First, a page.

During the summer of 2011, Kevin Thompson had caused cap rock to be installed on the portion of the driveway that was adjacent to the common boundary, replaced an existing culvert, and added a rock catch basin in order to address the problem of water runoff flowing onto the Mueller property. In an attempt to return the Mueller property to its pre-2008 condition, he also hired a company to remove material that had been dumped onto the Mueller property when building the roadway in 2008.

In March 2013, the matter was tried to the district court without a jury, and it awarded Mr. Mueller damages for trespass in the sum of $23,500.00, plus court costs and attorney fees in the sum of $55,164.40, for a total judgment of $78,664.40. The Defendants then timely appealed.

II.

Did the District Court Err in Holding that Mr. Mueller Had Standing to Bring this Lawsuit?

The Defendants contend that Mr. Mueller lacked standing to sue for trespass because he was not the owner of the Mueller Parcel when the trespass occurred in 2008. During the period from August 25, 2008, when the Mueller Parcel was awarded to Mr. Mueller's wife in their divorce action, until July 17, 2009, when he purchased the parcel from her, Mr. Mueller was not the owner of the Mueller Parcel. Because the blasting and roadwork occurred in the fall of 2008, the Defendants contend that Mr. Mueller did not have standing to recover damages for any trespass that occurred in 2008. They assert, " Both statutory trespass (Idaho Code § 6-202) and common law trespass require that the party seeking to recover for trespass must be 'the owner' of the real property." The district court correctly held that he had standing because he was in possession of the Mueller Parcel at the time of the trespass.

" 'When an issue of standing is raised, the focus is not on the merits of the issues raised, but upon the party who is seeking the relief.' Indeed, a party can have standing to bring an action, but then lose on the merits." Bagley v. Thomason, 149 Idaho 806, 808, 241 P.3d 979, 981 (2010) (citations omitted). " To satisfy the requirement of standing litigants must allege an injury in fact, a fairly traceable causal connection between the claimed injury and the challenged conduct, and a substantial likelihood that the judicial relief requested will prevent or redress the claimed injury." Bagley v. Thomason, 149 Idaho 799, 802, 241 P.3d 972, 975 (2010).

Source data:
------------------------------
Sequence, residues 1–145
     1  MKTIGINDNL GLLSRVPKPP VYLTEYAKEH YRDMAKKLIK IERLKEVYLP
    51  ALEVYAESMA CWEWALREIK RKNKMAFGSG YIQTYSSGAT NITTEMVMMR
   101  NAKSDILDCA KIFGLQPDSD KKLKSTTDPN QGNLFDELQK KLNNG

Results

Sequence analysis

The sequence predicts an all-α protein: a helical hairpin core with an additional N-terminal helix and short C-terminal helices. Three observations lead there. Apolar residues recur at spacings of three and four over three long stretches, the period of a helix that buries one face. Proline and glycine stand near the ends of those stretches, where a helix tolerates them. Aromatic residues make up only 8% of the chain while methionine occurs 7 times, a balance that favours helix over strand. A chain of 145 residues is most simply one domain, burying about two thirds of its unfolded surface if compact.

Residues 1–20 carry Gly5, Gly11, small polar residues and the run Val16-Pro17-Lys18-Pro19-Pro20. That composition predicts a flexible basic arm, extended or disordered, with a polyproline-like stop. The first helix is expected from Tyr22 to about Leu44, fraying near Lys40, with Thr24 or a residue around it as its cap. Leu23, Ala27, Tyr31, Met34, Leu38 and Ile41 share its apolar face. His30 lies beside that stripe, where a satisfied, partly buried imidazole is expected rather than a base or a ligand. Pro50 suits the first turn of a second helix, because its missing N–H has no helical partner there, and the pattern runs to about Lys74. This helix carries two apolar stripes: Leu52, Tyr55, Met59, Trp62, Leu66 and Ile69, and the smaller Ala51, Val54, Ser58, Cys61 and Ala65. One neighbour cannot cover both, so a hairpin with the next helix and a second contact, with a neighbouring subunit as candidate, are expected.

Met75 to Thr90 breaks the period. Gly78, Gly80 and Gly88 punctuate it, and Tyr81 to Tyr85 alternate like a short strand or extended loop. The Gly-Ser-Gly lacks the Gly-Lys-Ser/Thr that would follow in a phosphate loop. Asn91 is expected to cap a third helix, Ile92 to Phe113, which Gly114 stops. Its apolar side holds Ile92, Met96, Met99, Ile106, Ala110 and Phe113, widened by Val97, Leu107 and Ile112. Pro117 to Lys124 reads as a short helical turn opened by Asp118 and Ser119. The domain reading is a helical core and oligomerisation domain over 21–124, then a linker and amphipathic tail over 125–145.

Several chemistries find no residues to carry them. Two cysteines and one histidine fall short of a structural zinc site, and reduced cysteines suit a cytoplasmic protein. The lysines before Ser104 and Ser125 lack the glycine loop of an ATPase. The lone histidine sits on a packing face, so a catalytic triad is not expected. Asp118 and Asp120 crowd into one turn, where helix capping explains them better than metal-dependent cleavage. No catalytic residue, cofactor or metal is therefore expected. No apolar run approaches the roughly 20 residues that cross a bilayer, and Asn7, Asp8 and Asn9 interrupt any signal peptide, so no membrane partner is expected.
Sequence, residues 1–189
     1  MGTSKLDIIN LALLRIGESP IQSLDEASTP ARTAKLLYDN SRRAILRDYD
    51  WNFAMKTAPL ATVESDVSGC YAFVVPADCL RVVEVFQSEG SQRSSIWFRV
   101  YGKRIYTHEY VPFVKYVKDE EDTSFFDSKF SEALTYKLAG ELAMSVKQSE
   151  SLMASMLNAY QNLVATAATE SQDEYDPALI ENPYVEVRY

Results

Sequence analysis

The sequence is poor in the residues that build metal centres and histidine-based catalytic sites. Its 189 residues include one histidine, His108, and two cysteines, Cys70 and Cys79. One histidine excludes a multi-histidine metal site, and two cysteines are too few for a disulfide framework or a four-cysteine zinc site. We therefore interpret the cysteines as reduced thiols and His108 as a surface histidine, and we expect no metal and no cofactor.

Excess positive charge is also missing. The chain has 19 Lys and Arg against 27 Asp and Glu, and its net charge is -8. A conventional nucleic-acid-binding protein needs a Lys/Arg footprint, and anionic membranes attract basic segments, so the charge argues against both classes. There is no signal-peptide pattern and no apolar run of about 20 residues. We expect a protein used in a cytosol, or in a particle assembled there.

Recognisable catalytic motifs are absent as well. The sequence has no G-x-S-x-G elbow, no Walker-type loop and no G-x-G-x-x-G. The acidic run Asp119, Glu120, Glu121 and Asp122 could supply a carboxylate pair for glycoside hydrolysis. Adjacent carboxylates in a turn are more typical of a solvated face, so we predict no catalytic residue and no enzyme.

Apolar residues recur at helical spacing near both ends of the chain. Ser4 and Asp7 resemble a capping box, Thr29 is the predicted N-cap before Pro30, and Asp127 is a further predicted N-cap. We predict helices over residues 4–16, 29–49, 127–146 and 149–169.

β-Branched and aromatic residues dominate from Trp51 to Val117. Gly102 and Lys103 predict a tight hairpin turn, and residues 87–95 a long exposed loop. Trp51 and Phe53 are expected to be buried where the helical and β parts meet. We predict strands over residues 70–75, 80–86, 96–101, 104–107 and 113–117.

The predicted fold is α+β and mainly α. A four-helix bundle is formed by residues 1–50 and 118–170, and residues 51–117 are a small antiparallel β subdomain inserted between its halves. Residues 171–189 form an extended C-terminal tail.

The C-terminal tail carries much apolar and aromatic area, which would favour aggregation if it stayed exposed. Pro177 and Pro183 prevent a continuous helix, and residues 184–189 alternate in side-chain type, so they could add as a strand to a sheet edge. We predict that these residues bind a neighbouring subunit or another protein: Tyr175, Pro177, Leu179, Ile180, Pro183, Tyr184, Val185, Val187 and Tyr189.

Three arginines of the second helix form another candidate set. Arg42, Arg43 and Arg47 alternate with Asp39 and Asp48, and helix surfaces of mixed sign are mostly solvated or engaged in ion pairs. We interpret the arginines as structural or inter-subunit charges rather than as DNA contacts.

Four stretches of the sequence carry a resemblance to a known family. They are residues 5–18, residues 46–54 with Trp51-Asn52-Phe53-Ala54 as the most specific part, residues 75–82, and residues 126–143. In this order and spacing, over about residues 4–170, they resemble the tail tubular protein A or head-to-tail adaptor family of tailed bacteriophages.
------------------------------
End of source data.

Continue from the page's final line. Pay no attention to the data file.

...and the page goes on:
Idaho recognizes two common-law actions for trespass--trespass quare clausum fregit and trespass on the case. Steltz v. Morgan, 16 Idaho 368, 372, 101 P. 1057, 1058 (1909). " The former was the remedy resorted to by one in the possession of real estate as against one who wrongfully and forcibly entered upon the premises. The latter was the remedy given to the owner of the fee for a trespass where the damage was peculiar to the land itself." Id. This Court in Steltz stated that " [t]he distinction between these two rights of action is very clearly considered in Casey v. Mason, 8 Okl[a]. 665, 59 P. 252, 1899 OK 113 [(1899)]." Id. That case explained that trespass quare clausum fregit is an injury to the possession of real estate, and to [158 Idaho 1003] recover under that theory one must be in either actual or constructive possession of the real property at the time of the trespass. Casey v. Mason, 1899 OK 113, 8 Okla. 665, 59 P. 252, 253 (1899). Trespass on the case is injury to the land itself, and to recover under that theory one must have legal title to the real estate, or a reversionary interest therein, at the time of the injury to the real property. Id. at 254.